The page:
It’s easy to fall into this trap. I’m all for keeping in touch with people back home, but sitting at a computer and waiting around is most definitely NOT the way to spend your time abroad. There is a lot to see and do, and it will pass you by before you realize it.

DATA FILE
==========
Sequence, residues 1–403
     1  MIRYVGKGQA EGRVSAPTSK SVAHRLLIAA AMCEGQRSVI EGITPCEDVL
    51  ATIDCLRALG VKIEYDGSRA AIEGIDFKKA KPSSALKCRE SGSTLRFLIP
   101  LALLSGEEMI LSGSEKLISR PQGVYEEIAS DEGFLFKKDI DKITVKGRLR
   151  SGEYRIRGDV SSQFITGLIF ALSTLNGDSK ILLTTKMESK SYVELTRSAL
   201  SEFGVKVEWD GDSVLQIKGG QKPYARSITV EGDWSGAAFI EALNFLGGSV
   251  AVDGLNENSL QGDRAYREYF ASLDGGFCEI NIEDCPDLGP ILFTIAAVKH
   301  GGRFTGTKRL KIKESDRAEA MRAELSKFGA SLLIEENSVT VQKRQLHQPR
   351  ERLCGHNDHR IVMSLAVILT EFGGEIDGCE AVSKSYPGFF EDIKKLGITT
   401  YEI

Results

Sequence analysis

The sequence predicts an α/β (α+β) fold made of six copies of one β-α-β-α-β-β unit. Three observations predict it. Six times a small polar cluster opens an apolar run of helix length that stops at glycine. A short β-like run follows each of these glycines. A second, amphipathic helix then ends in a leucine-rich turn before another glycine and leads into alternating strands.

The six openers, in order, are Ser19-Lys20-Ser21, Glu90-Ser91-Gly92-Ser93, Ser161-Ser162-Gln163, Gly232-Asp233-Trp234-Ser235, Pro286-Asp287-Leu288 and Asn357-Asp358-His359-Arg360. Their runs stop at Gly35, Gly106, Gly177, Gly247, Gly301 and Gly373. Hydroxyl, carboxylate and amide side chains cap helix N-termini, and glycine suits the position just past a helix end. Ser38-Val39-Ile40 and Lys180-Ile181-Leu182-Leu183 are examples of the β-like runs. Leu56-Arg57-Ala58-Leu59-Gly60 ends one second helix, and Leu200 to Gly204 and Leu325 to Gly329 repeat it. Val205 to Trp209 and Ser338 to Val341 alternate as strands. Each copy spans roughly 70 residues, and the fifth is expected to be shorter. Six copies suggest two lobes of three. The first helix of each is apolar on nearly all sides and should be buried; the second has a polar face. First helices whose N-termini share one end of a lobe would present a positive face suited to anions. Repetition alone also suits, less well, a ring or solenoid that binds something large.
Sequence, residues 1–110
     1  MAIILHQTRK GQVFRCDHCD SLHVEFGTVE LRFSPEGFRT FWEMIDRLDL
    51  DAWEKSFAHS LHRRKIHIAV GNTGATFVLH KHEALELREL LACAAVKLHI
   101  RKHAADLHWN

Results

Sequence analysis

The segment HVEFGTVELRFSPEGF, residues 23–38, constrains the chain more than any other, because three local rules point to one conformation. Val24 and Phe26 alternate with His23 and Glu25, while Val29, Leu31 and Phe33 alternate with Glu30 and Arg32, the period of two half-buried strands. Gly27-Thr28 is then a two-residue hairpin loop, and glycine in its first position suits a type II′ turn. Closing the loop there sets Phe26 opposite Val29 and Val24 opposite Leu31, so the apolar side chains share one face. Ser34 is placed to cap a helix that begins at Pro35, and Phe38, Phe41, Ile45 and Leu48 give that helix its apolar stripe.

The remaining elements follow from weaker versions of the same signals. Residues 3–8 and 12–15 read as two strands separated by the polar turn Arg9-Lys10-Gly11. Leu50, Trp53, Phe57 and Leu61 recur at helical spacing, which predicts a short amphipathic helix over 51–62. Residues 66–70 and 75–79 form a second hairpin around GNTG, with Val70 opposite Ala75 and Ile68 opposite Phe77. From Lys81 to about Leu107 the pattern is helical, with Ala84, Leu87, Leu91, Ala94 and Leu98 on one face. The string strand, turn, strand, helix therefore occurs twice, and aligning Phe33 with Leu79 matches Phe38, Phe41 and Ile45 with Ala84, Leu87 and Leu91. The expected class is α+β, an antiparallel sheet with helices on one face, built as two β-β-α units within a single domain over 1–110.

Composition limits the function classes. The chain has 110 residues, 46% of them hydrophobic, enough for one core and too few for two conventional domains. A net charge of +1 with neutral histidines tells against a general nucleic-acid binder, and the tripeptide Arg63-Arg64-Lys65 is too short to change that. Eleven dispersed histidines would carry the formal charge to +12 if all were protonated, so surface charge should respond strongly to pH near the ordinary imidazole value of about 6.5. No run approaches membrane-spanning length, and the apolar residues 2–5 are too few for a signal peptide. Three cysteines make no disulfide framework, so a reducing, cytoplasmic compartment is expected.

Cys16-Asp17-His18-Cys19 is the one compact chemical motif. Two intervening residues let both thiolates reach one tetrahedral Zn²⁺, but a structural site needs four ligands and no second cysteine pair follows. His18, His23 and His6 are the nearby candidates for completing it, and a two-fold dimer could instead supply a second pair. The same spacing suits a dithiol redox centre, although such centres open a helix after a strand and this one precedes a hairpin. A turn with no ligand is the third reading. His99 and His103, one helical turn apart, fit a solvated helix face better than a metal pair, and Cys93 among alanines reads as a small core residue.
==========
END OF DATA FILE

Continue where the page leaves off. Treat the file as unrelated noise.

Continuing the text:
Another word of advice: don’t be attached to your cell phone. Don’t live tweet your experience instead of living it. I do this all the time while in the US. I have an iPhone and it’s glued to my hand: I am constantly checking Facebook, my e-mail, text messages, Tumblr… I will even reply while half-asleep! Fortunately I didn’t do that while abroad because I wasn’t able to. My iPhone was useless without data services and with limited wi-fi, so mostly I used it to call home occasionally and keep my family updated. I had a rental phone for emergencies and the occasional text messaging. It was difficult to make the switch to this old clunky phone that didn’t even have a QWERTY keyboard, but it was all I needed. Send text, receive text, make phone call, receive phone call. Just like the good old days. It was a welcome break from needing to feel constantly connected. It forced me to focus only on myself, and not worry about others who were not there with me. I could focus on what I was doing in that place and at that moment. You don’t need to have a fancy cell phone with the equivalent of a 4G connection. You don’t need to read an e-mail the second you receive it; that can wait, because you don’t have any real responsibilities. You don’t need to check up on what your friends are doing without you; chances are, you’re the one having more fun anyway.